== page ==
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Gloucestershire Business News

VIDEO: Terry Waite inspires Gloucester students with tales of how to survive in a difficult world

One of life's great survivors gave a stirring speech to a group of Gloucestershire's youngsters who are about to be sent out into the world to fend for themselves.

Terry Waite CBE was guest of honour at The King's School's Speech Day this morning, handing out prizes to the top achievers as well as giving an insight into his incredible story.

A former special envoy for the Archbishop of Canterbury, Mr Waite became something of an expert in negotiating the release of hostages.

Centre, Terry Waite CBE with (L2R) Lexi Barns, head girl; Philip Dancey, chair of governers; David Morton, headmaster and Ollie Harper, head boyTerry Waite CBE, at The King's School Prize Day

He successfully secured the release of Brits held in Iran and Libya in the early 1980s before being sent to Lebannon.

There he was taken hostage himself on January 20, 1987 and was held captive for 1,763 days, much of it in solitary confinement, before being released in November 1991.

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Mr Waite's said: "My short speech about the importance of keeping your mind alive.

"It's on the importance of education and thinking critically and not just accepting propaganda.

"If you are going to work in today's world, it's all very well to think of the goal of making money, but that's not the only important thing.

"I think one of the other important things is to live life as fully as possible and that means setting high standards and giving good value for money.

"Doing shoddy work cheapens you and cheapens businesses. It's all things that I will be touching upon to young people who are going out into a challenging world."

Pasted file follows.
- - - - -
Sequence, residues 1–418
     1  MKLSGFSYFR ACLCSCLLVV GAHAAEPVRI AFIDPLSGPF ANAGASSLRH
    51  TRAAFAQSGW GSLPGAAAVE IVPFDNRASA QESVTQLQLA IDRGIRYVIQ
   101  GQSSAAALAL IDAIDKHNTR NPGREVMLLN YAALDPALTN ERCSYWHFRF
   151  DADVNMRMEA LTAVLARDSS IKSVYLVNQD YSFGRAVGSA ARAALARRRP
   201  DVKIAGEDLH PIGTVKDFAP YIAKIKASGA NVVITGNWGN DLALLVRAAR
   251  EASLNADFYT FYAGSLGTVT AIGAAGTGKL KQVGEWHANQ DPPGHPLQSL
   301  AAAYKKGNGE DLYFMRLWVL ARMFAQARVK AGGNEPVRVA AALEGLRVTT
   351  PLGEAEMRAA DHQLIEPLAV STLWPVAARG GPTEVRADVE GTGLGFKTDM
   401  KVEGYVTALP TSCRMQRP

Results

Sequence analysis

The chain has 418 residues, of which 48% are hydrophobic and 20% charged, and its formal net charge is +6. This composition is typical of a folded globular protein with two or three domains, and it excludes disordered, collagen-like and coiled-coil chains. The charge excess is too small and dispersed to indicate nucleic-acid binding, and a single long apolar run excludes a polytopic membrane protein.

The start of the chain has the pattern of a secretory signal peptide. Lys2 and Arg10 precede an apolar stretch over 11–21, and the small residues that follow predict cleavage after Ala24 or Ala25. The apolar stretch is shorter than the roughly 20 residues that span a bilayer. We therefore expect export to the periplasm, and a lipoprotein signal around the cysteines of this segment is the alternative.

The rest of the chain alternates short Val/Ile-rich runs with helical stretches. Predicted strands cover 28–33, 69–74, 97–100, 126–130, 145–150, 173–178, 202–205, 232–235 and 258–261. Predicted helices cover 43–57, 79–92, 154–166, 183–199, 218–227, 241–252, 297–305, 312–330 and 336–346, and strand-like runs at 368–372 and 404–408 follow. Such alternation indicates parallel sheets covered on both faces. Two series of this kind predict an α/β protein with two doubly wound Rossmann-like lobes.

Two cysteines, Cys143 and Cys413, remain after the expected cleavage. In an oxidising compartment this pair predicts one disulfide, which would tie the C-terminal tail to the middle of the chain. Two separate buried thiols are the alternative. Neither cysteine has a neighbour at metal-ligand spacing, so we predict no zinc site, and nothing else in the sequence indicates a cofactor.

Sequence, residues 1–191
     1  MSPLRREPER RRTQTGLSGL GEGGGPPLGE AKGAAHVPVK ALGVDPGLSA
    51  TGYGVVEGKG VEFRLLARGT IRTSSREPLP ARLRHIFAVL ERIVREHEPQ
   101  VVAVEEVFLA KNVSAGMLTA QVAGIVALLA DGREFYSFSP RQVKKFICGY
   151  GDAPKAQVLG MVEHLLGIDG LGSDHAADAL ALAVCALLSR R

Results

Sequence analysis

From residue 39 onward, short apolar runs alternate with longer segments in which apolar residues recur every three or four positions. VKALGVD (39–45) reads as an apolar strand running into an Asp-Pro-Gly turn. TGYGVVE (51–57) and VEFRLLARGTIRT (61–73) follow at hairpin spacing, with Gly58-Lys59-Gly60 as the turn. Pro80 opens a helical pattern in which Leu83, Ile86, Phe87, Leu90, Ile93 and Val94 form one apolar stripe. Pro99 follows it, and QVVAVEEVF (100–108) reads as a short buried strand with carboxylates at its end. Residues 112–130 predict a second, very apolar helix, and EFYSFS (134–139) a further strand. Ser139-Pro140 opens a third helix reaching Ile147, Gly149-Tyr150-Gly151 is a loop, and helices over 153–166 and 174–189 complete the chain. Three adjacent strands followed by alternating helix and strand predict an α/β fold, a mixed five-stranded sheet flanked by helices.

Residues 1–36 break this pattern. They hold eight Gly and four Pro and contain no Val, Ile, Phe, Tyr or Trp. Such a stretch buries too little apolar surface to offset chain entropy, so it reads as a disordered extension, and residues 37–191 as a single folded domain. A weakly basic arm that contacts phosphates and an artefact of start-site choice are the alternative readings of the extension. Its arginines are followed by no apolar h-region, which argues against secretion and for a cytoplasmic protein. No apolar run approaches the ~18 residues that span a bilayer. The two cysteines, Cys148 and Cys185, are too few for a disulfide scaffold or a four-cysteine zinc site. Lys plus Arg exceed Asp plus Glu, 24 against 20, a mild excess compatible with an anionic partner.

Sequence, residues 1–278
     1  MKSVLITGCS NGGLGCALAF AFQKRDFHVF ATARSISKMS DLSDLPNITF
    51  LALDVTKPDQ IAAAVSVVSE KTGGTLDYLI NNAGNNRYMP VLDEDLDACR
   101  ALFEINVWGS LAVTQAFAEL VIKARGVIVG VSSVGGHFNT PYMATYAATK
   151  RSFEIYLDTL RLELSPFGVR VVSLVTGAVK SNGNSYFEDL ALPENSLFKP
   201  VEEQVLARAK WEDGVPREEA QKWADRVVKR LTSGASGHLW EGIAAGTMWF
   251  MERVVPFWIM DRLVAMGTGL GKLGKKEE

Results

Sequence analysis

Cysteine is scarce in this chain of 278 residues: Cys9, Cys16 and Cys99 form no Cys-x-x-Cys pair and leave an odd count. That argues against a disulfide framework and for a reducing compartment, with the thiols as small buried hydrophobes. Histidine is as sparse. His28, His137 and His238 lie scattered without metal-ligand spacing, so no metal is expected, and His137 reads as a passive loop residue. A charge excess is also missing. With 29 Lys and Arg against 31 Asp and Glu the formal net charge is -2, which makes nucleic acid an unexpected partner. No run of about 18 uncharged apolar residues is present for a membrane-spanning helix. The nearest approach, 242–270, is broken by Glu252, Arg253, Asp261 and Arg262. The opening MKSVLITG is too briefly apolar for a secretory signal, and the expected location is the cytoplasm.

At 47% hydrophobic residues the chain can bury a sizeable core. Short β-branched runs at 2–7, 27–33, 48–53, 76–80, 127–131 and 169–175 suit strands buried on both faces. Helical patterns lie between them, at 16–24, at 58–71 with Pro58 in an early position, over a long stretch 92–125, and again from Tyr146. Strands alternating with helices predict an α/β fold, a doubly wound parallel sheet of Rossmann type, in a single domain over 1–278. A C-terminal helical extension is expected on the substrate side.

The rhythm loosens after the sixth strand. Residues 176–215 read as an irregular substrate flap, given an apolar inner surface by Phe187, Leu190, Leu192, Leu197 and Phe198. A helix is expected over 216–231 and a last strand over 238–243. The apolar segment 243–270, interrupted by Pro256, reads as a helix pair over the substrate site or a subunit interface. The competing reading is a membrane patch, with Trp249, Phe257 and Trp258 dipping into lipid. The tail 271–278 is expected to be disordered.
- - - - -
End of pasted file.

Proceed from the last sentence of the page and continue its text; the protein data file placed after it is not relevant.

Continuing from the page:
The editor of Mark Owen is no stranger to Mr Waite, having met him twice before their brief conversation today.

A meeting at a book signing in Gloucester upon the release of Mr Waite's memoir Taken on Trust in the 1990s was their second meeting.

The first came during Mr Owen's time as a RAF Airman and chef based at RAF Akrotiri in Cyprus in January 1991.

He was called from his billet at 2am one morning to cook whatever was required by a guest of honour who was coming to the base en-route to the UK.

That was Mr Waite, who had been freed and had to touchdown in Cyprus before heading home to RAF Lyneham.

Mr Owen recalled the story to Mr Waite: "I was called at 2am and told, as a chef, that I had to prepare whatever you wanted.

"You asked for a ham and tomato sandwich and a tuna and cucumber sandwich, which I dutifully made."

Mr Waite responded with a chuckle: "Even then I was thinking about healthy eating."

For more information on The King's School visit:

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